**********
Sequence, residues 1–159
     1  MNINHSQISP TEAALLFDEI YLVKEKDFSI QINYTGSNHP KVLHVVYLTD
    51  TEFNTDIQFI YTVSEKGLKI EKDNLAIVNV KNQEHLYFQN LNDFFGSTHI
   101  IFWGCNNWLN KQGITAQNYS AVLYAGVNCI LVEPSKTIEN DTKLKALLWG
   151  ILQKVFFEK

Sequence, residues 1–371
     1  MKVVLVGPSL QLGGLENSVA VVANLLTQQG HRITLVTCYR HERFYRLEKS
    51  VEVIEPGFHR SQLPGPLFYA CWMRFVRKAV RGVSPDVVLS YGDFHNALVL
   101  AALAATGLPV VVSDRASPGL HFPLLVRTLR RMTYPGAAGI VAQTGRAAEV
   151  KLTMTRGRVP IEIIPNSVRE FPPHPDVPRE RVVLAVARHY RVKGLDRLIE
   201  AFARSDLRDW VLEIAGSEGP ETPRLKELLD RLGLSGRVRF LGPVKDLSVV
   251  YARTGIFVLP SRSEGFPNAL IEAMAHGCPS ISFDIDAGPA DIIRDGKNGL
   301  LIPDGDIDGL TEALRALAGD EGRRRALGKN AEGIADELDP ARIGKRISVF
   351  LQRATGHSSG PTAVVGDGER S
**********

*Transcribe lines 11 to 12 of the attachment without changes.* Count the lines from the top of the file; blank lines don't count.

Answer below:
   201  AFARSDLRDW VLEIAGSEGP ETPRLKELLD RLGLSGRVRF LGPVKDLSVV
   251  YARTGIFVLP SRSEGFPNAL IEAMAHGCPS ISFDIDAGPA DIIRDGKNGL